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## Thank you taking your time to teach me

Originally Posted by mark beiser
yes, but the math for the gas laws only really works with non condensable gases. If one or more of the gases in the mix is condensable under the conditions present, the math goes out the window.
Thank you taking your time to teach me, i have a totally unrelated idea / question that you may find interesting
I have an idea, that i cant post in detail in public because its not patented yet, but its for liquid pressure amplification, similar to hy-save's device http://www.hysave.com/lpa-retrofit-f...on-efficiency/ however i believe my device is way better. (its smaller, doesn't need a tank, so on..) The only thing i can think of that could stop my device from working, mind you i have not yet built a prototype or done any testing so there could be other things i have not considered, would be if it is impossible to re-compress gas into a liquid after it went through my pump. My pump wont leak, there are no seals, and it will never cavitate. it has the ability to take in liquid and gas and use positive displacement to send the mixture on its way to the liquid line heading to the evaporators. So my pump is not the issue, what i do not know is if when my pump pulls in liquid refrigerant on the intake stroke and in the process a bit flashes off inside the pump, would it be possible for my pump to (on the output stroke) compress it back into liquid before sending it to the evaporator. or is it stuck as gas at this point.

to keep things simple (for me.. heh) lets just say you have bubbles in your liquid refrigerant line going to the display cases and you add 15 to 20 psig to the line in a nice even manner, do the bubbles re condensate making the line solid liquid again? or does trying to compress that gas heat it to the point where it fights you trying to compress it. i personally dont think it would add that much heat to it and fight you, but my friend thinks so. my friend also has just patented his own device similar to hy-saves and is in the near future about to complete his prototype.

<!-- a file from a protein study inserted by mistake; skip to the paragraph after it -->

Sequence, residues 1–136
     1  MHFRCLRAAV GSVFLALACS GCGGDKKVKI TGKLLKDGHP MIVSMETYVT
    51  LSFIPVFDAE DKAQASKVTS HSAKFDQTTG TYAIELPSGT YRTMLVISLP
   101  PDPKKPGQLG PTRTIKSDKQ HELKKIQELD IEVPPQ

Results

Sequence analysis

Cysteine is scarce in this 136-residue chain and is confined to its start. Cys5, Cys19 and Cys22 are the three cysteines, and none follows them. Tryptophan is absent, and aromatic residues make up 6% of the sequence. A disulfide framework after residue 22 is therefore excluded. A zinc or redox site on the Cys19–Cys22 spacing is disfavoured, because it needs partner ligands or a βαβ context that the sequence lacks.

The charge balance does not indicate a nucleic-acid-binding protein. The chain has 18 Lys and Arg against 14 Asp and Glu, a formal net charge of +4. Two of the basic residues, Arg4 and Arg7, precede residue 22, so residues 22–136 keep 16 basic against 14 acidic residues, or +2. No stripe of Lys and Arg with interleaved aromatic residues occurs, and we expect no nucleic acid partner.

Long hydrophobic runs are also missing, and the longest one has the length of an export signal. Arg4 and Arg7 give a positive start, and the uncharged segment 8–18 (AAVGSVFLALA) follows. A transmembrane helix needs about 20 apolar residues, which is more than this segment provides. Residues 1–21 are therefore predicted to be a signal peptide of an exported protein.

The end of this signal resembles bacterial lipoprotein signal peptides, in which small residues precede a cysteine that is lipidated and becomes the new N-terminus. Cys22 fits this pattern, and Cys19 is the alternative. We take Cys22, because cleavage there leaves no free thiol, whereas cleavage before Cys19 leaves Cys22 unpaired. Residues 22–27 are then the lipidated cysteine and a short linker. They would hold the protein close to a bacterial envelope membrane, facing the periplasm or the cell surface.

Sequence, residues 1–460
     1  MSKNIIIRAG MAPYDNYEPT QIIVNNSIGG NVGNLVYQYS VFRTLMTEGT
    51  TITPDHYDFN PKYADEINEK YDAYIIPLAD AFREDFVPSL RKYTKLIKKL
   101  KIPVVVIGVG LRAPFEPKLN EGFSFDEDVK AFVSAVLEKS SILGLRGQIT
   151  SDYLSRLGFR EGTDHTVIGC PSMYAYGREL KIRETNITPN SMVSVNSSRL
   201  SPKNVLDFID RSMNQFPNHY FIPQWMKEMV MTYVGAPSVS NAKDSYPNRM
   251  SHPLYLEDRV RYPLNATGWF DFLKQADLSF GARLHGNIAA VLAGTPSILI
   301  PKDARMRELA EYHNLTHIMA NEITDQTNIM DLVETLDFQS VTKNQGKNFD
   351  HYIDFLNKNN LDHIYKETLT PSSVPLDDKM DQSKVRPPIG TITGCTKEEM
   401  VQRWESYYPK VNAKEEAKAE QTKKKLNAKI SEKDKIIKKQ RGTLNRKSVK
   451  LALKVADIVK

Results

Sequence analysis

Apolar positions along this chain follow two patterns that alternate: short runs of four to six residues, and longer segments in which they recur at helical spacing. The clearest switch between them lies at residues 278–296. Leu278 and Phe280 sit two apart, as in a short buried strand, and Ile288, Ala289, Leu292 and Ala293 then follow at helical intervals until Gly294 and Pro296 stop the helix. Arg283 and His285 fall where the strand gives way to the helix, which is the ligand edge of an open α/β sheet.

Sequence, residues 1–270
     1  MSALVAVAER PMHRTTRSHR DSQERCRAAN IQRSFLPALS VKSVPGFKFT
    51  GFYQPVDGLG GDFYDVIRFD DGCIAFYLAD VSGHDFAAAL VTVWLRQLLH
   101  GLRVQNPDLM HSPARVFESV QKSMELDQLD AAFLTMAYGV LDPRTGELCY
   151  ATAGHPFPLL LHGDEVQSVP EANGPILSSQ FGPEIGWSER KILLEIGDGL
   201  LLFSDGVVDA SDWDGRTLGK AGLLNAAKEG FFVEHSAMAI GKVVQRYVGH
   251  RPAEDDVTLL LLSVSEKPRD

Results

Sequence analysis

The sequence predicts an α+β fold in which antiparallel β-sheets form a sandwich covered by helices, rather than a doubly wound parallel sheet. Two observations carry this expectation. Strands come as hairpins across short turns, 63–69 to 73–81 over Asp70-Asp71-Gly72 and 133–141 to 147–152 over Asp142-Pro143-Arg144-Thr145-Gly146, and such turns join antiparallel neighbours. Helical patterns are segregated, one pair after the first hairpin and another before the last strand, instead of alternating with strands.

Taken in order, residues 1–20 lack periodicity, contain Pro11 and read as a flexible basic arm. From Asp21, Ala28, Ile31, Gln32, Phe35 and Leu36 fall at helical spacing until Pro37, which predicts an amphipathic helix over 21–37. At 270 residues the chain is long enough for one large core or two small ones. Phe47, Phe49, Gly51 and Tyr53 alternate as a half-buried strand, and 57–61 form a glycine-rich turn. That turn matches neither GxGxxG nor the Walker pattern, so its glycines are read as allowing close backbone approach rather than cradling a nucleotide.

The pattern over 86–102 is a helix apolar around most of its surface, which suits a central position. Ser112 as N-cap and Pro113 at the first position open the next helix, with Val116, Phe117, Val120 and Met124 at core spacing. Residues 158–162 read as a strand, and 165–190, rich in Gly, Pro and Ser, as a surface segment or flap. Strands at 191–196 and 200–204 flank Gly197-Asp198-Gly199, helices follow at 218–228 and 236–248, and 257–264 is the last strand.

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i think i get it now, once one becomes a liquid all bets are off, because two gasses in one tank i can picture being at the same pressure no matter what because there in the same state, but if you had a gas and water the gas will exert pressure on the water like the atmosphere on a lake which tends to prevent the water from just evaporating like it would tend to do in a vacuum. of course things get more complex in a live refrigeration system with all the constant changes going on.

8. Originally Posted by TheL33tOne
"One gas can not, does not exert pressure on the other gas. The gas exerts pressure on the surface area of the container it is held in." I read this in another persons post on the site and I can't quite believe it. If two different gasses are in one container and both at the same temperature, and gas A at temp x exists at 100 psig and gas B at the same temp exists at 200 psig, gas A would be all liquid while gas B would exists as liquid and vapor. (lets say the container is 2 thirds full of liquid for this theoretical situation). The post I was reading said because the two gasses did not mix or interact with each other that something else would happen... I didn't really understand what he was getting at. Is my theory true?